I'd say anything less than $100 per wall would be a fair price. $50 or less per wall is a good price.
     
  12. Dolly

    Dolly Hall Of Fame

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    Jan 30, 2007
    The first time I had wall fishing done with Skylink the price was $65 per
    drop and I only needed one drop. The next time they came out the installer said it was usually $60 to $65 per drop. However, he was in a good mood and I got 3 drops for $100 :)
     
  13. captain_video

    captain_video Icon

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    Nov 21, 2005
    I hate to ask, but does it have anything to do with your avatar?:D

    mjlepak - if you have easy access to your inner walls then my question is, why don't you do the drops yourself? Dropping a coax line from the attic is about as easy as it gets. If you can see the 2x4 headers for the interior walls underneath the insulation, you can locate the top of each wall and determine where the drop should go. It's a simply matter to drill a hole through the header and drop a cable into the wall. Measure the distance along the header to the next wall it intersects with and use that to determine the spot on the wall where you can put your box.

    Get yourself a stud finder to make sure you don't cut into a stud or water pipe and then cut the opening for the box using a drywall saw. Measure the height of other boxes in the room so they're all at the same level. You only need to use low voltage boxes, which are nothing more than a plastic frame with an open back that clamp onto the drywall opening. Pull the cable through the opening, attach your RG6 connector, connect it to the back of the wall plate, mount the wall plate, and you're done. Run the other end of the cable through the attic to your multiswitch and connect it there. You can simply let the coax lay on top of the insulation or you can get creative and use wire staples to attach it to the rafters.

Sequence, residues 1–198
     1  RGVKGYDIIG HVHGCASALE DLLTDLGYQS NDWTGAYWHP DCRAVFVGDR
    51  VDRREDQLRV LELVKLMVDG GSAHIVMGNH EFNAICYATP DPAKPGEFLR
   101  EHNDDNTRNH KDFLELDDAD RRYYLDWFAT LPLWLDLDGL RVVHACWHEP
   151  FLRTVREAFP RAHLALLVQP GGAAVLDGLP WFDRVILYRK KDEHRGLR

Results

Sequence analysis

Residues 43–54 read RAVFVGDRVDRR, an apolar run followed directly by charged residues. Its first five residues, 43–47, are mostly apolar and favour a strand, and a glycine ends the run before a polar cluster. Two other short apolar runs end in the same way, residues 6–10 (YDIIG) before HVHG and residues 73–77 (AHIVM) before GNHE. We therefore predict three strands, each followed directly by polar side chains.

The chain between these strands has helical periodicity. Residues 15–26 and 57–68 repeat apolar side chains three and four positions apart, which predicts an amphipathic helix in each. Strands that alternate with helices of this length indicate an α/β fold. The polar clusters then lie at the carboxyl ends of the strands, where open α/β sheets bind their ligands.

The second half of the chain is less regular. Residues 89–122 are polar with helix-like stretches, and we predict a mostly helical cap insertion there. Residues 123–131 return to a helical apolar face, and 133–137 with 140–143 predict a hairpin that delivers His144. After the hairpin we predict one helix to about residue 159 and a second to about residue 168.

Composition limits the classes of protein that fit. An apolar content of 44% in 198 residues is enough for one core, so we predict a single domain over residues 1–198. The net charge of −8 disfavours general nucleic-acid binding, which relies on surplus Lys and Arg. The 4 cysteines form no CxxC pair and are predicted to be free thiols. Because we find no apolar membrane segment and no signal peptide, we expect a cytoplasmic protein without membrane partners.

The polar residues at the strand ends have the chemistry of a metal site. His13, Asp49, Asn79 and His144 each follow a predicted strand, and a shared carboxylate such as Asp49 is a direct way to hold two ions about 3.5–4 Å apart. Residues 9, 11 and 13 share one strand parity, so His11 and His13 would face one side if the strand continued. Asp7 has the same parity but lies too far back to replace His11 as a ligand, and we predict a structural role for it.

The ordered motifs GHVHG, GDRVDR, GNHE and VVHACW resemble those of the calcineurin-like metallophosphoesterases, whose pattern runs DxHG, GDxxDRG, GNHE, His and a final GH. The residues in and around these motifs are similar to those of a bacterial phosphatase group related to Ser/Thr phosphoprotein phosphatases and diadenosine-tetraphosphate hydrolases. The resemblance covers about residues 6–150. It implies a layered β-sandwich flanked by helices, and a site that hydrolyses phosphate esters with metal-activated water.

To simplify your coax connections, get some compression connectors and appropriate tool and a coax stripper from Rat Shack. The connectors and tools are available on ebay for a reasonable price. The money you save on just one drop will pay for all your tools, supplies, and most, if not all, of your coax cable. Just remember that if you're using the 5-LNB dish that you need to get solid copper core RG6 and not the copper-clad steel wire that is widely available.